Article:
Updated 16 July 2024
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Rwanda’s Paul Kagame wins fourth term with 99% of vote

Rwanda’s Paul Kagame wins fourth term with 99% of vote
  • Paul Kagame has ruled the small African nation with an iron fist as de facto leader then president for three decades
  • Bespectacled is credited with rebuilding a traumatized nation after the 1994 genocide – but he is also accused of ruling in a climate of fear

KIGALI: Rwandan President Paul Kagame was gearing up Tuesday for a fourth term in office after winning a thundering 99.15 percent of the vote in an election where only two challengers were allowed to run against him.
The outcome of Monday’s poll was never in doubt, with Kagame ruling the small African nation with an iron fist as de facto leader then president for three decades.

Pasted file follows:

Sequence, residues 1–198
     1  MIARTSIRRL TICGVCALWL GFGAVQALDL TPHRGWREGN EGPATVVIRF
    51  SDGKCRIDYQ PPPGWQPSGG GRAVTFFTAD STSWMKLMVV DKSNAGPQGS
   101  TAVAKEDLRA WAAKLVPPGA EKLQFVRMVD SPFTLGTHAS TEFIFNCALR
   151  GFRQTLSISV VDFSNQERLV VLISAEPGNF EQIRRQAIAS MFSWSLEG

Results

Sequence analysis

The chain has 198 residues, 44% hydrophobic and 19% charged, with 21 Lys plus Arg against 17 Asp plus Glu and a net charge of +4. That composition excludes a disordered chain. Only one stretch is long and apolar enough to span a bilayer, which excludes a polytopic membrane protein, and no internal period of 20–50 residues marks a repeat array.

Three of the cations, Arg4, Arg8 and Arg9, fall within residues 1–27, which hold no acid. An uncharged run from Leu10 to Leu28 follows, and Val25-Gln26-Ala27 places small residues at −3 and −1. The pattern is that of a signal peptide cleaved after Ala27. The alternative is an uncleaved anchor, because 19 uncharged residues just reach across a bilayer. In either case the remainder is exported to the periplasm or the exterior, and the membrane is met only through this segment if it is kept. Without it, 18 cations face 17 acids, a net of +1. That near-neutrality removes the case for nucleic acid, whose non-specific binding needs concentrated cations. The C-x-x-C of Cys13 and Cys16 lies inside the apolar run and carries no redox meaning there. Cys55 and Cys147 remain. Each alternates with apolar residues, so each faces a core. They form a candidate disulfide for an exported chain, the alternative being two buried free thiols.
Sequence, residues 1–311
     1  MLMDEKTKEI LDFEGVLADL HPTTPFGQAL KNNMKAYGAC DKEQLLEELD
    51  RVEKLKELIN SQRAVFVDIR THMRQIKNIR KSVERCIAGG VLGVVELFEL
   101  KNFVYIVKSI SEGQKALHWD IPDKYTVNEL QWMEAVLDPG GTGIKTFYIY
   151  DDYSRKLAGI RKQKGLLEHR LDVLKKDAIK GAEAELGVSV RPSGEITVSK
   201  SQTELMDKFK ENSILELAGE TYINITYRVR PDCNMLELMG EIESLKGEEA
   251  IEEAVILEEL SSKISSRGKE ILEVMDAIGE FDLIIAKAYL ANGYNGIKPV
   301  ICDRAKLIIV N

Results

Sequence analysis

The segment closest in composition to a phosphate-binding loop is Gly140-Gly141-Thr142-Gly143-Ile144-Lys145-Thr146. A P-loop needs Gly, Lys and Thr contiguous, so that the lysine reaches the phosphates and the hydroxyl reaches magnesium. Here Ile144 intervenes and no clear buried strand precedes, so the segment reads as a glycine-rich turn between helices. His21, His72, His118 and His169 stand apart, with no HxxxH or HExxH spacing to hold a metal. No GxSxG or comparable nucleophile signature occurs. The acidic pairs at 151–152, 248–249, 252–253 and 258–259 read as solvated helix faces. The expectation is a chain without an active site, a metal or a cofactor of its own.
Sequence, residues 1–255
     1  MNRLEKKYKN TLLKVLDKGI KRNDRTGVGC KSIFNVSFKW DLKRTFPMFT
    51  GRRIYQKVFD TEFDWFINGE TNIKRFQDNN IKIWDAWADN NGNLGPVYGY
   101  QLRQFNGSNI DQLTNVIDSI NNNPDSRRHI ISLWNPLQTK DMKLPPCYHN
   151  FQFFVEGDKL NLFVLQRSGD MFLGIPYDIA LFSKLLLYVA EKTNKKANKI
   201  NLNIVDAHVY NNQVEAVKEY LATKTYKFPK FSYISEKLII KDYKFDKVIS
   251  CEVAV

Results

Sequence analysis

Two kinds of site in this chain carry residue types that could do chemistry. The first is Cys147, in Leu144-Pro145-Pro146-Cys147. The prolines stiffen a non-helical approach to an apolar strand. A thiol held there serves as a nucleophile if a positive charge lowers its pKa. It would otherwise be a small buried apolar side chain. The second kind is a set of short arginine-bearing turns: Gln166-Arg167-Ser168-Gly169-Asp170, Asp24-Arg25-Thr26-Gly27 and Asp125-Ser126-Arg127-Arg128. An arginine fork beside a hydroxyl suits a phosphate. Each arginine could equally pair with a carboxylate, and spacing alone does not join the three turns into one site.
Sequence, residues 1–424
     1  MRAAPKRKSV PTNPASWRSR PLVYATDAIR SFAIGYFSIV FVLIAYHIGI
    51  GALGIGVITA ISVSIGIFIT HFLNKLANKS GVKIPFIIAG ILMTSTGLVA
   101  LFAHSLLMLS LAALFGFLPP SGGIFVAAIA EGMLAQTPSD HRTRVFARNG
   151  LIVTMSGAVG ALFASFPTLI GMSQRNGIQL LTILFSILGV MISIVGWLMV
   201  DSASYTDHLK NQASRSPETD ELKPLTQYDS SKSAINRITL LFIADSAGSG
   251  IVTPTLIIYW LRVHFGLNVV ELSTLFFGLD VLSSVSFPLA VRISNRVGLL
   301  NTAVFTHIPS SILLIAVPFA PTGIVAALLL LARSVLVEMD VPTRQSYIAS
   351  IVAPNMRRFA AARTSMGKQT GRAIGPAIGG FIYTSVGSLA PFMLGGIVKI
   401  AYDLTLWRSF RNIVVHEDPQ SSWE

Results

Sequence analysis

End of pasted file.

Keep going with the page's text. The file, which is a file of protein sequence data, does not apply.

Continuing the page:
Partial results issued by the election commission seven hours after polls closed showed that Kagame had won 99.15 percent of the vote — even more than the 98.79 percent he got in the last poll seven years ago.
Democratic Green Party candidate Frank Habineza could only muster 0.53 percent and independent Philippe Mpayimana 0.32 percent, according to the results issued with 79 percent of ballots counted.
In an address from the headquarters of his ruling Rwandan Patriotic Front (RPF), the 66-year-old thanked Rwandans for giving him another five years in office.
“The results that have been presented indicate a very high score, these are not just figures, even if it was 100 percent, these are not just numbers,” he said.
“These figures show the trust, and that is what is most important,” he added.
“I am hopeful that together we can solve all problems.”
Full provisional results are due by July 20 and definitive results by July 27.